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Q3 2007 Freethinker Book Poll!
Official Q3 2007 Freethinker Book Poll!
Q3 2007 = July, August & September
Please read these directions BEFORE you vote!
How many nonfiction books will we be reading?
We'll be reading 2 nonfiction books in 3nd quarter of 2007. This poll will select 1 of the 2 nonfiction books for community discussion, while the Q3 2007 Nonfiction Book Poll will select the other book. So we're reading a total of 2 nonfiction books where one is of general interest and the other advances issues of importance to freethinkers. Periodically, there will be some overlap of these two sections.
How long will the poll stay open?
This poll is opening on Saturday, June 16th, 2007 and will be closing on Tuesday, June 26th, 2007. This is a total of 10 full days.
Who can vote?
All active members are invited and encouraged to vote and participate in our book selection process, but please follow these simple rules:
Only cast a vote if you have 10 or more posts on our forums. If you don't have at least 10 you should have no problem jumping into some discussion threads and meeting this rather relaxed criterion. You can meet this requirement in one day.
Don't vote if you don't plan on participating if your book wins. Again, if you vote for a book and it wins we really hope you participate. You should not be influencing the direction of the community if you're not actively involved.
If you vote for a book and it does not win we still hope you read and discuss the winning book with us, but we understand if you opt to not participate. Please try to get involved no matter which book wins, as this is all about education AND entertainment. We can all learn from our book selections and from each other, and reading a book you typically would never have even picked up is a great way to expand your horizons and perspective on life.
How do I vote?
If you are an active member with 10 or more total posts AND you plan on participating in the Q3 2007 discussion if your chosen book wins THEN you are permitted to cast a total of 3 votes. You can use your 3 votes however you see fit, which could mean assigning all 3 votes to just one of the book choices, or distributing the 3 votes over the book choices according to your own interest level for each book. No half-votes assigned to books.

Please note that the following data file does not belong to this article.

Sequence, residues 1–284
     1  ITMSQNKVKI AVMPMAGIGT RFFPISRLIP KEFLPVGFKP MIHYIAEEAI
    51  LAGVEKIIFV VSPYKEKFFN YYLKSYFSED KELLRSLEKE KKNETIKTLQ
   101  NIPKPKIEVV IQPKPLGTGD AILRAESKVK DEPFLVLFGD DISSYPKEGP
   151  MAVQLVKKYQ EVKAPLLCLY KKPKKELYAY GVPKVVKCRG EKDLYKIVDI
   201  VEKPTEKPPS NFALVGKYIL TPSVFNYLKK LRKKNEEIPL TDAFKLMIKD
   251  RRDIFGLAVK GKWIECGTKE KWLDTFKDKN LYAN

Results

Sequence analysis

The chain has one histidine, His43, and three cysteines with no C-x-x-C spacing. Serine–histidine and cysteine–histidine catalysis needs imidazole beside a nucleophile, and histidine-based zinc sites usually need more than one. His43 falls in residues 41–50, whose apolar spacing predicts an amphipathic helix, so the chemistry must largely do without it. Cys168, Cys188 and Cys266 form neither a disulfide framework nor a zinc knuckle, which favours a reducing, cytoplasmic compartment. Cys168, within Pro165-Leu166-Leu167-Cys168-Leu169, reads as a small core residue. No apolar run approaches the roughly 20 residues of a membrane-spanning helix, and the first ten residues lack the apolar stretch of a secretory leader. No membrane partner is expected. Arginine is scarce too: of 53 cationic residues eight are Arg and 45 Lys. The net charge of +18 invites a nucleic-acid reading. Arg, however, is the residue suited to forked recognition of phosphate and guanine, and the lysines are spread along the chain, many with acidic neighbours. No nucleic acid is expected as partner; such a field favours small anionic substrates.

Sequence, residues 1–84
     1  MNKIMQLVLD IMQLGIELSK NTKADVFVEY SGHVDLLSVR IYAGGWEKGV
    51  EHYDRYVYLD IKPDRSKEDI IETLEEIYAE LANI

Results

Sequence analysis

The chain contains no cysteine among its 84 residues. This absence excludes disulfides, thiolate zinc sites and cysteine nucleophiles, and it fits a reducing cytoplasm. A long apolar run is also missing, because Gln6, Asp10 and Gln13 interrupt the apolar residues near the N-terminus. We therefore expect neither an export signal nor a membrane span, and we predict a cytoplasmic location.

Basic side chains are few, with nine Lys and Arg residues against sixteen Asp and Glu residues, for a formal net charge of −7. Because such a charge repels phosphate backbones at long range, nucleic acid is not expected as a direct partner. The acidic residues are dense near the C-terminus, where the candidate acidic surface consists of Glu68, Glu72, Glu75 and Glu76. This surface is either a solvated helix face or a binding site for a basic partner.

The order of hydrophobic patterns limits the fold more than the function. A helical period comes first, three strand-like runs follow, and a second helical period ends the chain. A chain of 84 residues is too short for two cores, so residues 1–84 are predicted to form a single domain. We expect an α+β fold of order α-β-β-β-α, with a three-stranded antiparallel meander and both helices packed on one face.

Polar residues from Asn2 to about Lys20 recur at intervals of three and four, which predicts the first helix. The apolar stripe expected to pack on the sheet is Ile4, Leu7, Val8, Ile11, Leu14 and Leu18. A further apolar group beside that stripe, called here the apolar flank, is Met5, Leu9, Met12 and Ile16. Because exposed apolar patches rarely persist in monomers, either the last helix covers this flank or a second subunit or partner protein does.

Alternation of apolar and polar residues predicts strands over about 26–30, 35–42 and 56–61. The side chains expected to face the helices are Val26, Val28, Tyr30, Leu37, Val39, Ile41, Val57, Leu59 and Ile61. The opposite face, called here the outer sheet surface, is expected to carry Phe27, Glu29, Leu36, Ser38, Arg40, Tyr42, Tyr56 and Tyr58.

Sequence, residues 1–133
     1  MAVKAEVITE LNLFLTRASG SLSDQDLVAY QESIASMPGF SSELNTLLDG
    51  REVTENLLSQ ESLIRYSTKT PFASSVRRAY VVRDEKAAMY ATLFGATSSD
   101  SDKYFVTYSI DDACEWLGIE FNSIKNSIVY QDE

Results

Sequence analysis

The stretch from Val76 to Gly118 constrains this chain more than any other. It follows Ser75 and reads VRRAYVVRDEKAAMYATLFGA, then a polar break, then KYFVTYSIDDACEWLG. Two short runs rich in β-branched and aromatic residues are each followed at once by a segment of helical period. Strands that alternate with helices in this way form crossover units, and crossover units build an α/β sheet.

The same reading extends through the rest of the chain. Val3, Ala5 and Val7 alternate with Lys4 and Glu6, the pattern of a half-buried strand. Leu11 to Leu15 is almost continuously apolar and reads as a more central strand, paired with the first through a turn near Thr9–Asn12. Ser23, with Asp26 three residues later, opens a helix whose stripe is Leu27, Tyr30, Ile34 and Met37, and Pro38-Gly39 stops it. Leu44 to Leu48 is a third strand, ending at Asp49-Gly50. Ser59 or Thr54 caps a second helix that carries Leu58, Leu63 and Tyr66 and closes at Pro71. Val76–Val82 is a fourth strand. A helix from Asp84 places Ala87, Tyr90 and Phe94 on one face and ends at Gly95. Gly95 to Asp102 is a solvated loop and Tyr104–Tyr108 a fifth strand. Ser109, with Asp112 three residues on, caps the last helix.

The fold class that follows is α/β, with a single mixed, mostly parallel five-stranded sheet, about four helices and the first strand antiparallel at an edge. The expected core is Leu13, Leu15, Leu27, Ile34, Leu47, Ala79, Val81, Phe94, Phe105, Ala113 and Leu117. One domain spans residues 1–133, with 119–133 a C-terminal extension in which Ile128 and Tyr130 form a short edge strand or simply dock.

You should make a brief post to this thread telling everyone how you wish to distribute your 3 votes.
Nothing further needs to be said, however you're welcome and encouraged to be as verbose as you like. Just make it crystal clear how you are voting.
It is inevitable that some people will either forget to cast all 3 votes or will not have read this entire post. They will simply vote on one book. If this happens I will be assigning all 3 of their votes to the one book they selected.
You are permitted to change your vote at any time during the voting period, but not after I close the poll. The poll is closed on the last day of the polling period as stated above. There is no gaurantee of what time the poll will close on the last day, so please do not wait till the last minute to vote.
This thread can and SHOULD be used as an open discussion of the books on the poll. You're welcome to try to sell people on a particular book, or dissuade them from another. I am asking you all to comment on the votes as you see them. Don't be shy...speak your mind.
As always, we will need a discussion leader that is willing to be active in the reading and discussion of the winning book. If you are up to the task please let us all know in this forum by making a post and stating your interest.
Or, if you are only interested in being the discussion leader if your choice of books wins the poll, you can say so or just wait to see if it wins. But please consider volunteering!
Being a discussion leader does not entail being an authority on the subject matter or defending the author's position. You simply need to attempt to stimulate discussion.
And here are our FREETHINKER book choices for 3rd Quarter 2007 (July, August & September). Please read about all books before casting your votes. Think hard about which book will be the most educational, entertaining, and worthy of discussion. May the best book win!